Everyone into the pool: How to invest in Twitter
The unregulated secondary markets for late-stage private companies like Twitter, Facebook, and LinkedIn are quickly becoming a big business for fund managers and even retail investors.
Chris Sacca is one of the super-angels — a group of seed-stage investors who have raised third-party capital to find the next Facebook or Twitter. Not as well known, however, is that Sacca also has raised more than $30 million from outside investors to invest in Twitter, even at this later stage of its life as a private company.
The money is pooled into a pair of funds called Industry LLC and Lowercase RT, and backed by a pair of institutional investors.
So far, Sacca has put all of Industry LLC to work and is almost done with Lowercase RT. Both vehicles are able to buy up Twitter shares from employees and preferred stockholders, according to multiple people with knowledge of the funds.
Sacca also considered raising a third fund called 140 – going so far as to send out offering docs to a small circle of prospects — but seems to have since changed his mind. He declined to comment for this story.
Investing directly in secondary investments of private companies is not new. There are several firms devoted to such deals, and even some burgeoning marketplaces for accredited retail investors.
What Sacca and others are introducing, however, are pools of capital raised to buy existing stock in a specific private company. Fortune has learned that funds have been raised by other managers to acquire shares in such companies as Facebook, eHarmony, LinkedIn and Zynga.
One of those other managers is New York-based Felix Investments, whose funds are believed to hold approximately two million shares of Facebook stock, according to a secondary market source.
Felix was launched last year by former members of Advanced Equities, a firm known for raising money to co-invest with venture capitalists in new issues. It’s not exactly for the masses, but it’s as close as one can get given accredited investor requirements.
How the pool works
A typical Felix process works as follows: The firm identifies a company with a large number of buyable shares, and designs a fund. For the sake of example, let’s say the target is Zynga. Felix then goes about identifying investors. Much of the interest is inbound — particularly from Silicon Valley technologists — but Felix also pays a secondary marketplace called SharesPost to blast its offerings out to select members. Both and Felix and SharesPost confirmed this relationship but both declined to discuss specific fund raising, citing SEC restrictions.
Those who participate only know that they are getting a chance to buy into Zynga, the hottest social gaming company on the planet. They are not given any non-public financial data on the company, because Felix doesn’t have any. Investors also are not told the price at which shares will be purchased. Instead, their money is put into an escrow account while Felix goes in search of sellers. Once Felix figures out the price, it goes back to investors and gives them a chance to fish or cut bait. Most usually keep a steady reel.
Some other fund managers are more specific, offering either an exact price or relatively narrow price range. All of them, however, charge fees. This typically includes both a management fee and a carried interest. It’s kind of like investing in a venture capital fund — or even a traditional direct secondary fund — except for the lack of transparency surrounding portfolio company financials.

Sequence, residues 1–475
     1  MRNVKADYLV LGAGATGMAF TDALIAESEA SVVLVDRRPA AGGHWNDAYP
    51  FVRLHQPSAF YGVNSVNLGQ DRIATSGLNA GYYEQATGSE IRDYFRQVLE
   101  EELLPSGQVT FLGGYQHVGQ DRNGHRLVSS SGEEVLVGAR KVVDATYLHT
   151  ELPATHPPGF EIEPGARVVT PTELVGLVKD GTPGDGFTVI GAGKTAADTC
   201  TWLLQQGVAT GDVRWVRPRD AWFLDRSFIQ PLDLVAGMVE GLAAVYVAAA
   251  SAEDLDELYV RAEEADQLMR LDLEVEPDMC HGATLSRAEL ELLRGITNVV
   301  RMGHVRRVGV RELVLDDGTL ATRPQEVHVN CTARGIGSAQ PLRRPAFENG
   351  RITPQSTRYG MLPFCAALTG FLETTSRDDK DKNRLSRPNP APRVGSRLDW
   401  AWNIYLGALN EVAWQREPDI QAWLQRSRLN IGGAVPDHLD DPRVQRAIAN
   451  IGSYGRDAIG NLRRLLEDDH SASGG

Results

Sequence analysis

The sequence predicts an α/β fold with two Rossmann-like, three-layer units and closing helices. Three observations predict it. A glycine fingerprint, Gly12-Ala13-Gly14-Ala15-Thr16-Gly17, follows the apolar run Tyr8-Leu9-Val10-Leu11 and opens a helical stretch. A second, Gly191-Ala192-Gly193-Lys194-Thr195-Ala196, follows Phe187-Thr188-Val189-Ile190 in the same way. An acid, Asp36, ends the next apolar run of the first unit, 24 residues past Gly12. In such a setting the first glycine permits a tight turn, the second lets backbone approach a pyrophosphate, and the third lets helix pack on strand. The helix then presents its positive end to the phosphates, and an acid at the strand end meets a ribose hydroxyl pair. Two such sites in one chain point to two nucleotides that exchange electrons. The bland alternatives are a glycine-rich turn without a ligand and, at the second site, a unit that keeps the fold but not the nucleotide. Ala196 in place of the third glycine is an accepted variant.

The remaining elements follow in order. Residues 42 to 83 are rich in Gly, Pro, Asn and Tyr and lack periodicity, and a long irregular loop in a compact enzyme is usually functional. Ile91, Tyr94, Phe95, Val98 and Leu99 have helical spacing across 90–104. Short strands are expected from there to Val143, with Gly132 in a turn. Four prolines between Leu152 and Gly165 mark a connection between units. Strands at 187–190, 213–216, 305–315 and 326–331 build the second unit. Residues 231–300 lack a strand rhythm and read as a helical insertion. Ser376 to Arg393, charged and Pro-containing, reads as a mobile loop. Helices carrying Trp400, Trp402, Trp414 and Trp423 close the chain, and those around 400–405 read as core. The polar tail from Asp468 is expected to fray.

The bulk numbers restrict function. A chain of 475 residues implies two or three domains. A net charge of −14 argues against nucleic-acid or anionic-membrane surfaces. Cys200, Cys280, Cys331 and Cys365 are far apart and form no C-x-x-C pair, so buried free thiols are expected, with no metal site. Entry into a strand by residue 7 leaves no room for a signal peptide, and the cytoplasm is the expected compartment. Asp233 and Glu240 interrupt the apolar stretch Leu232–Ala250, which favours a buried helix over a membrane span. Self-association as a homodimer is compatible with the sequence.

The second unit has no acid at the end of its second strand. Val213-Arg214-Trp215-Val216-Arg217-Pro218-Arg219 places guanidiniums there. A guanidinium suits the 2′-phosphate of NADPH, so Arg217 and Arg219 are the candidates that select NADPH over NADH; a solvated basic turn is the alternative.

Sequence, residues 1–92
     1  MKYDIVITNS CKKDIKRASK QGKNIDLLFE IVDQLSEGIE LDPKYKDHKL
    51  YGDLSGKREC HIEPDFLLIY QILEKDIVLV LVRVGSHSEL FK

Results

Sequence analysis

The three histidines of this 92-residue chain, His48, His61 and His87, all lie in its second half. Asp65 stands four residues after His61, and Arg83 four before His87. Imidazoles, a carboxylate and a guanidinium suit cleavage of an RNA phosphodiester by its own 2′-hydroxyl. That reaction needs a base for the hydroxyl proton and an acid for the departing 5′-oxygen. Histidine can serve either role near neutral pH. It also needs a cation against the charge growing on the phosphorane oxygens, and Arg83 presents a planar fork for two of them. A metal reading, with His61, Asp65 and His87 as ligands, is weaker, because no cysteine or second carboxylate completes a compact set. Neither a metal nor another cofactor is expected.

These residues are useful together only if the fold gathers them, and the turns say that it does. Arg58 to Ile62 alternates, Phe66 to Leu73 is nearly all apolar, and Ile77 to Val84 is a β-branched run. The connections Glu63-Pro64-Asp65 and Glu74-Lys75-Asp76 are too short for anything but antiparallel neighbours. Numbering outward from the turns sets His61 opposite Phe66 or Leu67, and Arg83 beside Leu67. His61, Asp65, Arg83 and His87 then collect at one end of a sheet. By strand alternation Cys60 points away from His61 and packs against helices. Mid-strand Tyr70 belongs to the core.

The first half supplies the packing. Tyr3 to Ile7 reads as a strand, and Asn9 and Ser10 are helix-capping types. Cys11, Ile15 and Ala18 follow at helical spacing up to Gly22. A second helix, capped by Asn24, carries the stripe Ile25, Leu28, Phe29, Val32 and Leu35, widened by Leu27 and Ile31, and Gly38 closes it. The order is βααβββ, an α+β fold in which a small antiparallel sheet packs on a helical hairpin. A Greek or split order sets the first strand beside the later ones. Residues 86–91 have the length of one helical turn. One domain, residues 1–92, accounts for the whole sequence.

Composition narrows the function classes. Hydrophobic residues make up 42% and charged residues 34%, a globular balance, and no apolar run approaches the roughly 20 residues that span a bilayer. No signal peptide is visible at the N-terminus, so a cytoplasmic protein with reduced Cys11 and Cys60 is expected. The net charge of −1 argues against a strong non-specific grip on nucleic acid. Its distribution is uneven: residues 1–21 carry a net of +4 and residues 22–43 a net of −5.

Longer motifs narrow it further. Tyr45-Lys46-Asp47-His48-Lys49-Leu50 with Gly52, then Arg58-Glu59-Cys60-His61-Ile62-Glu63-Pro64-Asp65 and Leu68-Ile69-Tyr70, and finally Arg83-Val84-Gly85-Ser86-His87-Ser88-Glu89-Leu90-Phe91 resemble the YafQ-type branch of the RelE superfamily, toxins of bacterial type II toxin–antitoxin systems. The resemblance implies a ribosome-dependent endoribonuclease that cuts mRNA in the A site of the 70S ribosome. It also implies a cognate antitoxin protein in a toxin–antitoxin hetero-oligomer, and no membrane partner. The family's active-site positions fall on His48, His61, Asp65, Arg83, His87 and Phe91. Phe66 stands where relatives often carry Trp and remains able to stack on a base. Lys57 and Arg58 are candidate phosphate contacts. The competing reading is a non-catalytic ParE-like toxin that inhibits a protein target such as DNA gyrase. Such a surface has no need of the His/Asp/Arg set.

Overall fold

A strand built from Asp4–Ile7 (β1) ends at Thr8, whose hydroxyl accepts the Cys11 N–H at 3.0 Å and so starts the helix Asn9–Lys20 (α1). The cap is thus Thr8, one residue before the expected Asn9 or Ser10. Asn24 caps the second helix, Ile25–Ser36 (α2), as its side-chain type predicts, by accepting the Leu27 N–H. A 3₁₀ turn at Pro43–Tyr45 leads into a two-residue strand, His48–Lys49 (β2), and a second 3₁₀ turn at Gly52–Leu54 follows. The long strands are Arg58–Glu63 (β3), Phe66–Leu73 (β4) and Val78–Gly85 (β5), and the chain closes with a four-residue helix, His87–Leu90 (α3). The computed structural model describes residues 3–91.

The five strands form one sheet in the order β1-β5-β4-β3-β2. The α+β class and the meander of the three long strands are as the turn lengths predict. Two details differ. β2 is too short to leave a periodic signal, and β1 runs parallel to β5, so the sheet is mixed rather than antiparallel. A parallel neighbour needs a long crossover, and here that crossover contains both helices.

So why pay 2-and-20 (fees of 2% of assets and 20% of profits), or some variation, to a fund manager who is more of a middleman than someone who performs due diligence? Basically because such deals can be prohibitively expensive for retail investors to do solo.
For example, say I had $250,000 that I wanted to invest in Zynga. I could go to SharesPost or better-known rival SecondMarket, and hope to find a seller match. But then there would be legal fees and other closing costs. Plus, Zynga would probably charge me a few grand to approve the share transfer. In other words, the bad bargain from a firm like Felix may be better than no bargain at all.
A sustainable market?
Investors and fund managers interviewed for this story agreed that more and more of these funds will continue to be formed and funded. What seems more uncertain, however, is whether such a niche market can be sustained.
Most of the big funds being raised are focused on just a small handful of companies: Facebook, LinkedIn and Zynga. Expect that Twitter will soon join that rarified air, but it’s currently a difficult company to trade on the secondary market (Sacca is one of several people who has a special agreement with Twitter management, perhaps because he’s a company advisor and was an early investor off of his own balance sheet).
Each of those companies — with the exception of Twitter — would probably have gone public in most any other era. Maybe the financial meltdown got in the way, or perhaps there are simply a few too many iconoclasts like Mark Zuckerberg in the mix. Either way, it’s not inconceivable that each one will have completed an IPO by this time next year.
If so, what will firms like Felix look to acquire? For that matter, what do the secondary exchanges trade? Is there another group of multi-billion dollar start-ups that retail investors will buy without even a cursory look under the hood?
My guess is no. This is a special purpose time. But that’s okay for retail investors. After all, they can always buy shares on the Nasdaq.